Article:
Downing Street has publicly refused to rule out cutting troop numbers as part of the defence and security review, despite the Defence Secretary insisting the Government would not "slash the size of the armed forces".
On Monday, the Prime Minister's spokesman declined to say whether a reduction in troops was being considered, stating only that ministers remained committed to increasing defence spending in line with the Conservative manifesto.
The manifesto does not commit to maintaining current Army manpower, although Boris Johnson has previously said the Government will "be maintaining the size of our armed forces".
Asked about reports over the weekend that defence chiefs had drawn up plans to slash the Army by up to quarter, the spokesman added: "It's just wrong to say that we plan to cut defence. We will fulfil our manifesto commitments, including to increase the budget above inflation."
He said the review, expected in the autumn, would be "underpinned by the commitments the Government has already made to continue to exceed the NATO target of spending two per cent of GDP on defence".
Government sources later said Downing Street was opposed to operating a smaller Army and was instead considering reducing the number of civilian staff in the Ministry of Defence.
The Telegraph also understands that Dominic Cummings, Mr Johnson's most senior adviser, offered reassurances on Monday that the review would be focused on "rebalancing" rather than an "overall reduction in numbers".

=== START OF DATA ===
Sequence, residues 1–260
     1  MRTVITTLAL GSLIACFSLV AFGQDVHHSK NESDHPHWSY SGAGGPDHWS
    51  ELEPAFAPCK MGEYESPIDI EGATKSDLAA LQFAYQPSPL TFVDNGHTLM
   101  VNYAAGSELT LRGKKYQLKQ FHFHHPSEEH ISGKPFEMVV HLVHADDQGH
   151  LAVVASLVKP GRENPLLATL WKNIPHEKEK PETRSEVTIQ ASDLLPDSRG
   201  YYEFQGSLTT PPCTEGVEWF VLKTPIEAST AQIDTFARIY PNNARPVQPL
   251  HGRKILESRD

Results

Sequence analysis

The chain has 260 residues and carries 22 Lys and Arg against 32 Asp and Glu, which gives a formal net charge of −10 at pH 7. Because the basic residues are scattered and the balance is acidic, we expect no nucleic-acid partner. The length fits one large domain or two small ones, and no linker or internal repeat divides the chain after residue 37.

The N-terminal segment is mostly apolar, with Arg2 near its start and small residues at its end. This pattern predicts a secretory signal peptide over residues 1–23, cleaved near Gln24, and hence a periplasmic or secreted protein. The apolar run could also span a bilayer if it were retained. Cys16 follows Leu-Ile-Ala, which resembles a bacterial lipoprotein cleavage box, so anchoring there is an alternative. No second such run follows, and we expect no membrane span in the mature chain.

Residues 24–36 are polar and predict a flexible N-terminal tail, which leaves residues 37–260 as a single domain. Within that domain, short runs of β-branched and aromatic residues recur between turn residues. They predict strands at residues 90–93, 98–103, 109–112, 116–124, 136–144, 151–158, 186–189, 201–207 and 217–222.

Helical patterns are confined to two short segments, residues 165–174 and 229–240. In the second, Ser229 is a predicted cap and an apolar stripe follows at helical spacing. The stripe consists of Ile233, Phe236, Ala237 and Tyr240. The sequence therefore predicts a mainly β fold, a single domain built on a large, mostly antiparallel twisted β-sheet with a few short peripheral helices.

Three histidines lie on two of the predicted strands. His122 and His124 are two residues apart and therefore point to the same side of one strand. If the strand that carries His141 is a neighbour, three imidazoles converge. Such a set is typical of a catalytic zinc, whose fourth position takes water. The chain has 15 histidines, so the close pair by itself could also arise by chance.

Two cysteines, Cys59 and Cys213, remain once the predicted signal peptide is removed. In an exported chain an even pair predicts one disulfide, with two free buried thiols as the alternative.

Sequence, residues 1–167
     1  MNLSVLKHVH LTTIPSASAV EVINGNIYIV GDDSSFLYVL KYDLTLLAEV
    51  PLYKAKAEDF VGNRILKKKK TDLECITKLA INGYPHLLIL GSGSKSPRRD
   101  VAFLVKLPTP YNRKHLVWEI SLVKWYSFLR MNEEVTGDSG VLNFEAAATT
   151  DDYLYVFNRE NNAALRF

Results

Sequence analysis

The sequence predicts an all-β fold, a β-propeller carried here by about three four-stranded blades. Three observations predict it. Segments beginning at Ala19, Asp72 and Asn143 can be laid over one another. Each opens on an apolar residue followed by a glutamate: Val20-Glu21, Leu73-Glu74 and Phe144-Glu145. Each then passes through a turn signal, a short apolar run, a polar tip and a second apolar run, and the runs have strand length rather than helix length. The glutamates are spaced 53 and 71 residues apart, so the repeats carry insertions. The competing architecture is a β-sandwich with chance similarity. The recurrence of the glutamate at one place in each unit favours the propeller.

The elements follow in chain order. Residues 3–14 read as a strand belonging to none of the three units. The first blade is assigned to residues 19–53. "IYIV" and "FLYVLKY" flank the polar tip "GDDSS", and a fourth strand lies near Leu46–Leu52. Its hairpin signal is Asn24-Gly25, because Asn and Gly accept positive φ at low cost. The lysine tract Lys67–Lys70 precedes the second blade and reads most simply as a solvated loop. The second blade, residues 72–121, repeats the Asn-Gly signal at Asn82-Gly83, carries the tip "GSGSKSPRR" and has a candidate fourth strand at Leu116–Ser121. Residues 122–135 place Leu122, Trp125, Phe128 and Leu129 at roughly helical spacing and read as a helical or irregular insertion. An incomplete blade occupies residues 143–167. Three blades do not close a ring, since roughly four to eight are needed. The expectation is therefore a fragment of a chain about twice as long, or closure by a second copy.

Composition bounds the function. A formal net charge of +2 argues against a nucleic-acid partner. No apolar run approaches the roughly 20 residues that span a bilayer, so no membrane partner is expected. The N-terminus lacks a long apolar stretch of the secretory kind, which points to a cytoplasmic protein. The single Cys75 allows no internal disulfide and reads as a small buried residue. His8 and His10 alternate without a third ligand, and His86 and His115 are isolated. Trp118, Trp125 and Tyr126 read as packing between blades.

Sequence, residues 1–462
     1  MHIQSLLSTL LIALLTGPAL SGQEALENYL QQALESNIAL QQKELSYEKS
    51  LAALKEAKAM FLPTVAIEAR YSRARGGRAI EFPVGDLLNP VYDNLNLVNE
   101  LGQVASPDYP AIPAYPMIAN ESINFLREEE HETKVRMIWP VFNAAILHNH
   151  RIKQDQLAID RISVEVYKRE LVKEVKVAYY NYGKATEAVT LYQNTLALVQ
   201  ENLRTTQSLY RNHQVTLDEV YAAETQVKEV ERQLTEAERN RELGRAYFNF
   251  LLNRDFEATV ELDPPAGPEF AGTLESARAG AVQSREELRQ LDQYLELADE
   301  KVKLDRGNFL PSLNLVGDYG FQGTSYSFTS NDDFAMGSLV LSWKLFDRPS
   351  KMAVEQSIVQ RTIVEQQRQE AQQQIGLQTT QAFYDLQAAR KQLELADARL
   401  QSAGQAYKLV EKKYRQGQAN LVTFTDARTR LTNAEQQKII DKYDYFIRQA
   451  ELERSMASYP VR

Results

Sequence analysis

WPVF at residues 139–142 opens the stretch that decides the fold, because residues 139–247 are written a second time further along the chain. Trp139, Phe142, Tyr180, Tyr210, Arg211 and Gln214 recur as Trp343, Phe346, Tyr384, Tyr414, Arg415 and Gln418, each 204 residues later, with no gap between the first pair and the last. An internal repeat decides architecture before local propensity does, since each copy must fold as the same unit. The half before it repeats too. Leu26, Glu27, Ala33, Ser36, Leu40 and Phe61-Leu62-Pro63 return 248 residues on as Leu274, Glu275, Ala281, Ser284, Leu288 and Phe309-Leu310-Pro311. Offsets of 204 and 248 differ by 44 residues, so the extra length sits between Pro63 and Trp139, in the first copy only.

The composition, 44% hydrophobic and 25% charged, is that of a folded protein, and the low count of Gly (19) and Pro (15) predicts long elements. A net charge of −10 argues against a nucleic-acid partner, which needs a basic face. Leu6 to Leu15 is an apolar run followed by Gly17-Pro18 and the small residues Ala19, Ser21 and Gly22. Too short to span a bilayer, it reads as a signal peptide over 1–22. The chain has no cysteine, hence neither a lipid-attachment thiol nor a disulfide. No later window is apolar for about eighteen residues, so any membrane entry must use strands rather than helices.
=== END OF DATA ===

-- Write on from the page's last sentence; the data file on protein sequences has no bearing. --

One insider added that rather than cuts, the review was more likely to lead to some military personnel being reassigned or retrained to reflect the changing nature and demands of the armed forces, including in cyber warfare and artificial intelligence.
However, asked whether he could "categorically" guarantee that troop numbers would not be cut, Ben Wallace, the Defence Secretary, appeared to go much further than Number 10 by insisting there was "no plan to slash the size of the armed forces".
Speaking in the Commons, Mr Wallace said "only a fool starts the debate on numbers rather than threat", adding that the review was not "driven by financial pressures".
"What is the case is our armed force should always, always be defined by both the threat we face as a nation, the capabilities we have and Britain's global ambition, and that is why, in the integrated review, we will deal with those processes rather than start the debate about numbers."
Commenting on a meeting held with defence chiefs last week, he added: "It was not a financial discussion, contrary to what was reported. It wasn't a numbers discussion either – it was a discussion about how we meet the threat and how we deliver a future armed forces to match that."
Mr Wallace also pointed out that both recruitment and retention within the armed forces had increased, telling MPs: "That is the direction of travel. It's very clear that our armed forces are growing, as is our commitment."
The Integrated Review, announced by Mr Johnson in February, will assess "Britain's place in the world", including its role in aid, development and counter-terrorism, in the biggest shake-up of its kind since the Cold War.
It will also look at how the UK can "better use technology and data to adjust to the changing nature of threats we face, from countering hostile state activity to strengthening our Armed Forces".
Mr Johnson has hired John Bew, a King’s College London historian, to conduct the review from Downing Street.